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Guns from Norfolk’s Muckleburgh collection to be fired in Passchendaele Salute

The 18-pounder gun, after restoration, that is being sent to France for the commemoration of the battle. : Picture: Michael Savory

The 18-pounder gun, after restoration, that is being sent to France for the commemoration of the battle. : Picture: Michael Savory

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Few battles encapsulate the First World War better than the Battle of Passchendaele, also known as the Third Battle of Ypres.

The wreckage of a British tank beside the infamous Menin Road , near Ypres, Belgium. Photo credit should read: PA/PA Wire The wreckage of a British tank beside the infamous Menin Road , near Ypres, Belgium. Photo credit should read: PA/PA Wire

And two guns from a north Norfolk military collection will be sent to France to commemorate the centenary of the end of the battle on November 10.

One 13-pounder and one 18-pounder field gun from the Muckleburgh collection at Weybourne will join 14 other rare Great War guns to fire a 100-round salute to mark this famous battle.

The guns will be drawn out by horses and manned by gun teams from each of the Allied nations. All participants will be volunteers from Combat Stress, the veterans’ mental health charity.

Michael Savory, managing partner at Muckleburgh, said: “This will be the first time in almost 100 years that these Muckleburgh field guns have been fired.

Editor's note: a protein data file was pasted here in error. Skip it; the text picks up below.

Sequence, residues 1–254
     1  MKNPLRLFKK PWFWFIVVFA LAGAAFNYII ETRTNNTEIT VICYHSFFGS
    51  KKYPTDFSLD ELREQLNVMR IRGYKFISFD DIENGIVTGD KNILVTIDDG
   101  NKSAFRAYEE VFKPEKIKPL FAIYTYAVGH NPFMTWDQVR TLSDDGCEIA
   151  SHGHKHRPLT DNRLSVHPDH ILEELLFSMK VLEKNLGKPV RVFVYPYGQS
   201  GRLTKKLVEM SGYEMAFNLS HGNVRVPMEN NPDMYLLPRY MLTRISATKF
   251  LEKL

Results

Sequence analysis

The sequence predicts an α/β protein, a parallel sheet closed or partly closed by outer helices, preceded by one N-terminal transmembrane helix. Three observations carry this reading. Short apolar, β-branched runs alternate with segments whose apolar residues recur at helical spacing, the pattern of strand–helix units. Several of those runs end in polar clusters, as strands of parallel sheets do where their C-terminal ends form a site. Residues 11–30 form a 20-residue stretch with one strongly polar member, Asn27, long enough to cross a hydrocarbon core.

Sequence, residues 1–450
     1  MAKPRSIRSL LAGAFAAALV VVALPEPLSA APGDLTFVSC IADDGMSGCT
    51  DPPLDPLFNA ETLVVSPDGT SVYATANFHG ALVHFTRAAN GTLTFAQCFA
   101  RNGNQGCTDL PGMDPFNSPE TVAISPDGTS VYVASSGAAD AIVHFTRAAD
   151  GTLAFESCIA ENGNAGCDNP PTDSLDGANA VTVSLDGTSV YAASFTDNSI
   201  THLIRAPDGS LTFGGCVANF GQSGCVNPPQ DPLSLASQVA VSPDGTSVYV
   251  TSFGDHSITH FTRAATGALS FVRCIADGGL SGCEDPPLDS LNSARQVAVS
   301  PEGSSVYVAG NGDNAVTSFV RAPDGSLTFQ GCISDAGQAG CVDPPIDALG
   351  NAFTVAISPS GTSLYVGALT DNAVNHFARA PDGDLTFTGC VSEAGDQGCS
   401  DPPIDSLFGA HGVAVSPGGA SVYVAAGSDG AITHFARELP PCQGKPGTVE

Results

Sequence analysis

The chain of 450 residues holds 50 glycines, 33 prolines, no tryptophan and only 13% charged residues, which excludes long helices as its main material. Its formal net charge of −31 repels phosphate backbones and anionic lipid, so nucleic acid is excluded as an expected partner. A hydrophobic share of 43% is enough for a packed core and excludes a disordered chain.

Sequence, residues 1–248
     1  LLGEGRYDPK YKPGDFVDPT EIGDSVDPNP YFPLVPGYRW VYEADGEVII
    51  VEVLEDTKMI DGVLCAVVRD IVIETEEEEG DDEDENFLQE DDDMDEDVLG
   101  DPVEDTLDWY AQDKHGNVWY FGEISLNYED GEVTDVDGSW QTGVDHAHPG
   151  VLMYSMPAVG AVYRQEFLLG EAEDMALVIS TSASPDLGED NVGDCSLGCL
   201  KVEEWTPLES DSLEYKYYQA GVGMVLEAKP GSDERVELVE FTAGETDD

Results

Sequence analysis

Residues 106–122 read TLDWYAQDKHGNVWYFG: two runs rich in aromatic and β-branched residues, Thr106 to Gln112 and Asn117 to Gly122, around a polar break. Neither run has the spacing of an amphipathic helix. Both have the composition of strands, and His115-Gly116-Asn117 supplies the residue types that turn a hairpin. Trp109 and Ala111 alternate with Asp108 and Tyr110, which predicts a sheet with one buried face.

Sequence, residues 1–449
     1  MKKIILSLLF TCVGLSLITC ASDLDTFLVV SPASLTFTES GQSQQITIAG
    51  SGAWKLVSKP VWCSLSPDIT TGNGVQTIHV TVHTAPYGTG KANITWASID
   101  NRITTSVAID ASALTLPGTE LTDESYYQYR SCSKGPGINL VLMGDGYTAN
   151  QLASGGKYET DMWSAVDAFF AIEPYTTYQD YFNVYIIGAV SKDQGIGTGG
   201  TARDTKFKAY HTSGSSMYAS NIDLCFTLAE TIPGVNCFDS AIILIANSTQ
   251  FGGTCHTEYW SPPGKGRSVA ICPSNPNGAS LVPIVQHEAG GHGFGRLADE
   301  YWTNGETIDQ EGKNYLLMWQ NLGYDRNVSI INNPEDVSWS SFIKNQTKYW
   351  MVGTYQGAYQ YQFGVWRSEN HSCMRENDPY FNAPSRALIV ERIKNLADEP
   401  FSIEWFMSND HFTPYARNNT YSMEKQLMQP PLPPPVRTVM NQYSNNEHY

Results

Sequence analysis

Field Marshal Sir Douglas Haig, Commander in Chief of the British forces on the Western Front during the First World War. Photo credit: PA/PA Wire Field Marshal Sir Douglas Haig, Commander in Chief of the British forces on the Western Front during the First World War. Photo credit: PA/PA Wire

“They were recovered from Fort Kapper Kop in Pretoria, South Africa in 1997 in very poor condition and are being fully restored in Shropshire for this event.”

The Passchendaele Salute, under the patronage of Janice Charette, High Commissioner for Canada, will be held at Fort de Seclin, near Lille in France, on the morning of November 10.

A drumhead service of remembrance and a salute of 100 rounds will commemorate the centenary of the end of the battle, which took place from July 31 to November 10, 1917, and honour the gunners.

The guns will then return to Weybourne where they will be used to fire a salute in April 2018 to mark the 30th anniversary of the founding of the Muckleburgh collection.

The 13-pounder at the Muckleburgh collection. Picture: Michael Savory The 13-pounder at the Muckleburgh collection. Picture: Michael Savory

Weybourne was the location of a Royal Artillery training camp during the First and Second World Wars until it closed in 1958.

Meanwhile, the main Norfolk event to commemorate the centenary of the battle will be held in Cromer.

The Cromer War Memorial Restoration Committee is holding an 18-hour vigil. During this time, committee members will stand as an honour guard at the war memorial in intervals of up to one hour.

This will start at 6pm on Sunday, July 30, continuing throughout the night, and ending at midday on Monday, July 31.

When the vigil ends, a service of remembrance will be held at the war memorial, led by the Rev Peter Herbert, the curate of Cromer church.

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